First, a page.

Want to create a great team on your own? Good luck! Just kidding. It’s not impossible for one ethical, well-intended, authentic person acting alone to help turn around a team.
To create a great team, first you have to be a great teammate.
Developing a truly strong team that trusts and respects each other, gets things done without drama, and has fun requires everyone one the team to get on board with the right types of behaviors. Once the team is clicking along with you on all five behavioral cylinders, gossip is squelched. Great ideas get developed and done. And everyone does their part for the team. They have each other’s backs.
Sound like a dream? It’s not. And just one person can make a difference. Even if you’re on a team that is in a dark place right now, you can start acting in a way that helps bring some light to the team.
Five Ways to Lead Your Team
Here are five ways you can start leading your team to a better place, no matter what your position:
- Talk about people as if they were present. Noah Webster had it right when he said, “We should say nothing of a person in his absence that we would be unwilling to say if he were present.” Although workplace policies can’t practically (or even legally) restrict all types of gossip, most of us wish we could stomp it out. You can do your part by not engaging in gossip and, if you hear something, trying to coach your co-worker to speak to the person directly. And you yourself can speak TO your teammates instead of ABOUT them when you have issues.
- Be willing to contribute to the work of the whole team. That includes helping out with tedious or challenging work. Does that sometimes take a little humility? Sure, it does. If you’ve been promoted to a position with some interesting work, it may be hard to think about doing a tedious task. Yet how much would it mean to the people you help? And humility is one of the attributes of The Ideal Team Player as defined by author Patrick Lencioni. You can show you believe you are not “better than” anyone else and it will go a lot further than just saying it.
- Be willing to ask for help.Asking for help makes you vulnerable and that, in turn, builds trust. Being human allows others to be more human with you. We all need help sometimes and most people want to help if they are given the opportunity. Showing vulnerability can even unleash innovation, according to esteemed author and researcher Brené Brown.
- Offer and accept apologies graciously. An apology given with the right intent and attitude benefits both the giver and the receiver. Apologies can actually build the self-respect of the apologizer as well as build empathy between giver and receiver. A good apology includes aspects of regret, responsibility, and remedy.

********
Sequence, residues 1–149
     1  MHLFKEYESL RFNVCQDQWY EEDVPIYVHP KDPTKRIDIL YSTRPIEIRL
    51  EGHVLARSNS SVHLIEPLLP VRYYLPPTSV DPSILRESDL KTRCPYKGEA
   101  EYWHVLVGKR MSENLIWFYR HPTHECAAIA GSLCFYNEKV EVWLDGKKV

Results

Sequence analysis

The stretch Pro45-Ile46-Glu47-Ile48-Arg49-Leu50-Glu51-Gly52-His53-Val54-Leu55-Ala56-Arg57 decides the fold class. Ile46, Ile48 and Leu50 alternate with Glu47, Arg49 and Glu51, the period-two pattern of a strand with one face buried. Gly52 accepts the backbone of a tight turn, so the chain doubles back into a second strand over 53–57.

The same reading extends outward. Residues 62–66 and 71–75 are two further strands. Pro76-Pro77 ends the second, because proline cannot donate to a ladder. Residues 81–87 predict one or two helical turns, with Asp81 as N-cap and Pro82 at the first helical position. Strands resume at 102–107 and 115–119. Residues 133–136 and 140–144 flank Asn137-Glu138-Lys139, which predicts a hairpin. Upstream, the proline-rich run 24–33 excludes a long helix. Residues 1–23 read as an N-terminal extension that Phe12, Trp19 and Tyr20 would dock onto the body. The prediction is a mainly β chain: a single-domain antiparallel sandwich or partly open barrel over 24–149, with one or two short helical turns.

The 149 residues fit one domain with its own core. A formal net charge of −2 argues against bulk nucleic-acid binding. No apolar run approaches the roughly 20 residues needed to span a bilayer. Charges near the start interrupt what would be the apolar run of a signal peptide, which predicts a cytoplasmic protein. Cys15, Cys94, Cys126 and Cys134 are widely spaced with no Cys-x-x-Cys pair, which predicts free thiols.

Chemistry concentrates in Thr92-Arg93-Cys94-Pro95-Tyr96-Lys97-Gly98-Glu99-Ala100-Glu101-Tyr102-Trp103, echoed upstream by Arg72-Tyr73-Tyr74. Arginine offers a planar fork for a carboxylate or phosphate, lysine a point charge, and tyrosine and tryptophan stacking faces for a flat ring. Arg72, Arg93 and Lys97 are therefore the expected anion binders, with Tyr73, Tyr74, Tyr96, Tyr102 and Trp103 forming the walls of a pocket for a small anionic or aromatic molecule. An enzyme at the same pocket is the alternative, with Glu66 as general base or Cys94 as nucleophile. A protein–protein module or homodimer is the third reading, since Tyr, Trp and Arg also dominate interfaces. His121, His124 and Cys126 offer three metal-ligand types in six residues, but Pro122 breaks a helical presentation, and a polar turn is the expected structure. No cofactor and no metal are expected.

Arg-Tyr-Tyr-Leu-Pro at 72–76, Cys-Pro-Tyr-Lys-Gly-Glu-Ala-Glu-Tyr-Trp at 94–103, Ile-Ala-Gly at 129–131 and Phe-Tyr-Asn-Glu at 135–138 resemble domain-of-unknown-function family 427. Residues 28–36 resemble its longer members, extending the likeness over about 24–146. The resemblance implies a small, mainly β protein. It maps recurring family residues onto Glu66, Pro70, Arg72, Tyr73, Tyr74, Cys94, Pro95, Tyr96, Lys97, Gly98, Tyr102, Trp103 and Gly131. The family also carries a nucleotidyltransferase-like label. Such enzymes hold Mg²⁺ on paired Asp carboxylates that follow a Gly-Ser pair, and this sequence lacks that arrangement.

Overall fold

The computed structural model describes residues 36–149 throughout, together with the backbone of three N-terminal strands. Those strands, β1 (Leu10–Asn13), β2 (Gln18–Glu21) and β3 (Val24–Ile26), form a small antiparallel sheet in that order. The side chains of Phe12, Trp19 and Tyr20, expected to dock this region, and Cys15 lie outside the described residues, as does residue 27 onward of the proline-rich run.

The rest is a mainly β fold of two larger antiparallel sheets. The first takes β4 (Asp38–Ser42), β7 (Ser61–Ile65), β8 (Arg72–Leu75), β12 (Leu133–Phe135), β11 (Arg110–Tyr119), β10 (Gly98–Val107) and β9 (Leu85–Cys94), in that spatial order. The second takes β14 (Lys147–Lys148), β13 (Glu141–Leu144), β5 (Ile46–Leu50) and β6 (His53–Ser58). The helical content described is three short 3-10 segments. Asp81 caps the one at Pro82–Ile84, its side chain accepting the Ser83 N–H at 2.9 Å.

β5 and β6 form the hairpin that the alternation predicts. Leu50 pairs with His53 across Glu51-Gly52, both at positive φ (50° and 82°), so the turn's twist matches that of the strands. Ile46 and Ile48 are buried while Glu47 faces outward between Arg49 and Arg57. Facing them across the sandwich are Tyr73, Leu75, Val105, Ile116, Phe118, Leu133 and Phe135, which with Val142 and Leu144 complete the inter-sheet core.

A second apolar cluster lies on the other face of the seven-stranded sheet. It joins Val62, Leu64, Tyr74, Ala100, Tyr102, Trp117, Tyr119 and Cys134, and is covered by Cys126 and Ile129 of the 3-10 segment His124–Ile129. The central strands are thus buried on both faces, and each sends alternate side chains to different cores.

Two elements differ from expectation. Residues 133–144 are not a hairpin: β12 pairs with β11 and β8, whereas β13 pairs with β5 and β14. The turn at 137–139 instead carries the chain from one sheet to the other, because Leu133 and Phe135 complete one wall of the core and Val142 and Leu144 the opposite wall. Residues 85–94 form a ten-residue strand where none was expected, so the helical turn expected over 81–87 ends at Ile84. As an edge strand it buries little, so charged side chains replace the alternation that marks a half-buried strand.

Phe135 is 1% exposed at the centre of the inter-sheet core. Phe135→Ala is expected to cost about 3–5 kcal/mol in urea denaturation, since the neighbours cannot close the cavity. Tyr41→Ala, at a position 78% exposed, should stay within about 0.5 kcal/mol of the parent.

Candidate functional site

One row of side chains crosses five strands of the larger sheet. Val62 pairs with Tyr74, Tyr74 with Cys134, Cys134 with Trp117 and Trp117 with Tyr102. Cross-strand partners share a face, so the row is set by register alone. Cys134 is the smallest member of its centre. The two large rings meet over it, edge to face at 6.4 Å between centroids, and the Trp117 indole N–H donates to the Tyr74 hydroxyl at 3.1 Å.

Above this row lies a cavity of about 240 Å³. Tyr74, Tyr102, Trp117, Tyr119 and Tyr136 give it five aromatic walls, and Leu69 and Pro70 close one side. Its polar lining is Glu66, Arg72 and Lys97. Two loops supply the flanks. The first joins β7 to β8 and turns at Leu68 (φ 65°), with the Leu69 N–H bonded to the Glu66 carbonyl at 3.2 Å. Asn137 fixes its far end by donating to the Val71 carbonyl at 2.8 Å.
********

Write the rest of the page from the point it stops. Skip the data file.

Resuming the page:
- Be aware of how your words and actions affect others. Sounds basic, doesn’t it? But have you ever flown off the handle in an email? Blown someone off when they really needed you? In a series of surveys, Tasha Eurich found that 95% of people think they are self-aware but only 10-15% truly are. We can’t see our blind spots without help from others, including seeking feedback from others outside our circle of friends. Developing mindfulness is a matter of improving our emotional intelligence and it can greatly improve our contributions as a teammate.
That’s just five simple ways you can help build a stronger team by being a better teammate. But let’s be real: These types of soft skills can be the hardest to master. It’s hard to apologize for the first time to someone who never apologizes to you. It’s hard to ask for help when you fear that a teammate will use it to make you seem less competent. Be brave. It may take time, but a great team is the payoff. And great teams matter. But don’t take my word for it. Take it away, Al Pacino!
And here are a few more resources on being a better teammate:
- Patrick Lencioni video on TheIdeal Team Player: https://www.youtube.com/watch?v=RUib07DjL9A
- Brené Brown article on the on vulnerability and innovation https://www.inc.com/sonya-mann/brene-brown-being-a-brave-leader-means-being-vulnerable.html
- Society for Human Resource Management article on Workplace gossip: What crosses the line? https://www.shrm.org/resourcesandtools/hr-topics/employee-relations/pages/office-gossip-policies.aspx
- Psychology Todayarticle on The Power of Apology:https://www.psychologytoday.com/us/articles/200207/the-power-apology
Are you still reading, you crazy teambuilding advocate? Okay. Then here are a few more resources for you!
- Download this primer on emotional intelligence: https://mindfulleadershipconference.com/wp-content/uploads/Dan-Goleman-Emotional-Self-Awareness.pdf
- Look up this article for more on the science of gossip: Kuo, Chien-Chih & Chang, Kirk & Quinton, Sarah & Lu, Chiu-Yi & Lee, Iling. (2014). Gossip in the workplace and the implications for HR management: a study of gossip and its relationship to employee cynicism. The International Journal of Human Resource Management. 26. 1-20. 10.1080/09585192.2014.985329.
- Borrow this book from your library for more on apologizing: Read Beverly Engel’s The Power of Apologyfor more on the elements of good apologies and the benefits for both giver and receiver.
- Read thisTimearticle on 10 simple ways to make people like you more: http://time.com/135945/make-people-like-you/
- And, because you’ve earned it for reading this far, something just for fun. Watch this video of two teammates who clearly are not on the same page about their goals: https://youtu.be/-SS0HHbFOrM